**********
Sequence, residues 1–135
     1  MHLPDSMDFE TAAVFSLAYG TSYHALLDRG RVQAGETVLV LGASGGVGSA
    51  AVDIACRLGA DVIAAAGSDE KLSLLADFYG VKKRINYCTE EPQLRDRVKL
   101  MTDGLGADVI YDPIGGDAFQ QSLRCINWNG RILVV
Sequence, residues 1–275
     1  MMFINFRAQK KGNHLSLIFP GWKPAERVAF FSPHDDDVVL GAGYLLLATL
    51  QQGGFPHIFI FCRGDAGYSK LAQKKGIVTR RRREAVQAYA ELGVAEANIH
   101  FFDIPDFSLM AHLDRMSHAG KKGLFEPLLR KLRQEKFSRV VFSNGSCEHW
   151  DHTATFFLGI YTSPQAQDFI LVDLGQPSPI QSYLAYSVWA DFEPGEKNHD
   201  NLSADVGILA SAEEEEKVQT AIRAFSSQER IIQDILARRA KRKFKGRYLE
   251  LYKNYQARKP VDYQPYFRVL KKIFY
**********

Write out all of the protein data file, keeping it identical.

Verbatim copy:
Sequence, residues 1–135
     1  MHLPDSMDFE TAAVFSLAYG TSYHALLDRG RVQAGETVLV LGASGGVGSA
    51  AVDIACRLGA DVIAAAGSDE KLSLLADFYG VKKRINYCTE EPQLRDRVKL
   101  MTDGLGADVI YDPIGGDAFQ QSLRCINWNG RILVV
Sequence, residues 1–275
     1  MMFINFRAQK KGNHLSLIFP GWKPAERVAF FSPHDDDVVL GAGYLLLATL
    51  QQGGFPHIFI FCRGDAGYSK LAQKKGIVTR RRREAVQAYA ELGVAEANIH
   101  FFDIPDFSLM AHLDRMSHAG KKGLFEPLLR KLRQEKFSRV VFSNGSCEHW
   151  DHTATFFLGI YTSPQAQDFI LVDLGQPSPI QSYLAYSVWA DFEPGEKNHD
   201  NLSADVGILA SAEEEEKVQT AIRAFSSQER IIQDILARRA KRKFKGRYLE
   251  LYKNYQARKP VDYQPYFRVL KKIFY